The competitiveness of Australian businesses depends on our ability to make the most of the economic opportunities from the emerging services sector in China, writes David Olsson, Chairman of AustCham Beijing.
China is Australia’s most significant trading partner and is likely to remain so for years to come. Investment flows continue to grow and are shaping our economic future.
We are happy to enjoy the benefits, but a common cry for some time has been that Australia needs a roadmap to allow us to capitalise on an economic transformation – driven by China – that is unparalleled in our nation’s history.
Whether the White Paper on “Australia in the Asian Century” recently announced by the Prime Minister will provide the certainty that is desired remains to be seen, but for Australian businesses on the ground in China, the imperative is clear – identify the emerging opportunities, develop the required capabilities and push ahead with the implementation of business strategies.
Concerns surrounding the slowing down of China’s economy and global economic uncertainty are of course relevant considerations, but they should not be a cause for concern in the long-term future of the Australia China economic relationship. Indeed, an annual GDP growth rate of 7 percent should hardly be a reason to pull back on continuing to lay the foundations for the next era of economic growth.
As China transitions into the next stage of its development, shifting from an export-led growth and development model to one which has a greater focus around domestic consumption, we have a significant window of opportunity to broaden our business relationships by aligning them to one of the areas of key strategic interest to China – the development of its services sector.
The “Australia-China 2.0 Trade Mission” promoted by Foreign Minister Rudd and led by Trade Minister Emerson mid year highlighted the importance and commitment the Australian federal government has placed on advancing the services trade agenda with China. State-level Australian governments have also been active in pushing for this same agenda.
This government level commitment to a new era of the Australia-China economic relationship needs to be matched from the private sector. Much has already been done and the growth of membership in AustChams around the country is testament to this – but it is clear that we are only just starting to see the extent of the opportunities that lie ahead.
Australia’s services sector is world class and has a first-rate international reputation. We are highly skilled, mature and possess excellent know-how, technologies and management systems. We are well-equipped and well-positioned to deliver the range of sophisticated services China needs for the next phase of its development.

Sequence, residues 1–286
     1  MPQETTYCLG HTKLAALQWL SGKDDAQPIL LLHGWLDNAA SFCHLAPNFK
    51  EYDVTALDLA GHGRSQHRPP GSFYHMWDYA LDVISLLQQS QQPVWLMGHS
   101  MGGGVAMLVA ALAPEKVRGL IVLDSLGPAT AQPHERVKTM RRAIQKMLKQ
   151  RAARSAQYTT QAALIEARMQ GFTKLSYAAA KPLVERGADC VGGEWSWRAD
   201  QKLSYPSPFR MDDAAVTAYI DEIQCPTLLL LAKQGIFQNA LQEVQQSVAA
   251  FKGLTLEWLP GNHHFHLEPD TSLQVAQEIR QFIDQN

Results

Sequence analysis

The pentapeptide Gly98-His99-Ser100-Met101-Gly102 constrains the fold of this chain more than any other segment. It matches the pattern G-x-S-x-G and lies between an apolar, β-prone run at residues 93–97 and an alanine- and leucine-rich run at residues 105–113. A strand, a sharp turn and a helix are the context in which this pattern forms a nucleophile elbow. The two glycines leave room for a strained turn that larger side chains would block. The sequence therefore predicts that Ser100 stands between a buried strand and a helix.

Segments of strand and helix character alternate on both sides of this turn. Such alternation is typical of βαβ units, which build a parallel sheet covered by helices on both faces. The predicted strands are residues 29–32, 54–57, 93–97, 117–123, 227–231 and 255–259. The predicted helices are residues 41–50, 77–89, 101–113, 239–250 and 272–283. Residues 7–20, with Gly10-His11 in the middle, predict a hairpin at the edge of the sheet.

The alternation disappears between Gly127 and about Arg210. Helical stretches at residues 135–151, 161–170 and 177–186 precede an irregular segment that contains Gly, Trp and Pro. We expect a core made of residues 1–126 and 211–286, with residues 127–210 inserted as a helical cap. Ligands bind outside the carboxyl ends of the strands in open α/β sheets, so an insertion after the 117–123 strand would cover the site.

The Australian Chambers of Commerce in China are committed to supporting and advancing the Australia China economic relationship beyond resources. Our services sector members have already established a strong presence in China in industries such as education, finance, corporate and legal services, environmental consulting, mining services, clean energy, urban design, architecture, transport logistics, smart ticketing, food and agriculture and digital media.
Australia is one of the select few countries that are the beneficiaries of China’s massive need for natural resources – but uniquely, we also have one of the most sophisticated services sectors in the world. Therein lies our competitive advantage. We are now being offered a once in a lifetime opportunity to leverage China’s enduring interest in our resources sector by engaging China more comprehensively around the services sector.
There will be challenges ahead, known and unknown. We will need to develop new and mutually advantageous corporate and strategic alliances and partnerships. But the challenge is ours and we have no option but to embrace it.
Recent events and initiatives
As always, AustCham Beijing has had a busy Autumn.
We were delighted to host a breakfast to welcome Ambassador Frances Adamson to the Australian business community. The Ambassador spoke to a lively audience about her thoughts on the future direction of the Australia-China relationship.
Seminars were also hosted for the Victorian Premier Ted Ballieu and NSW Premier Barry O’Farrell each of whom lead delegations to China with a clear intent to participate in the emerging service sector opportunities.
We attracted over 250 people to the annual Great Aussie BBQ held at the Dulwich College. The highlight of the event was the Invocare Ashes Series cricket match between the Australian Embassy and our British counterparts. The afternoon brought together families and friends to enjoy wonderful food and drinks on the grass, under the last of Beijing’s autumn warmth.
Most notable of all, AustCham celebrated its 15th Anniversary of the granting of its licence as Australia’s Chamber of Commerce in China. The gala event was a spectacular evening enjoyed by celebrity guests and members and friends of the Australian and Chinese business communities. ■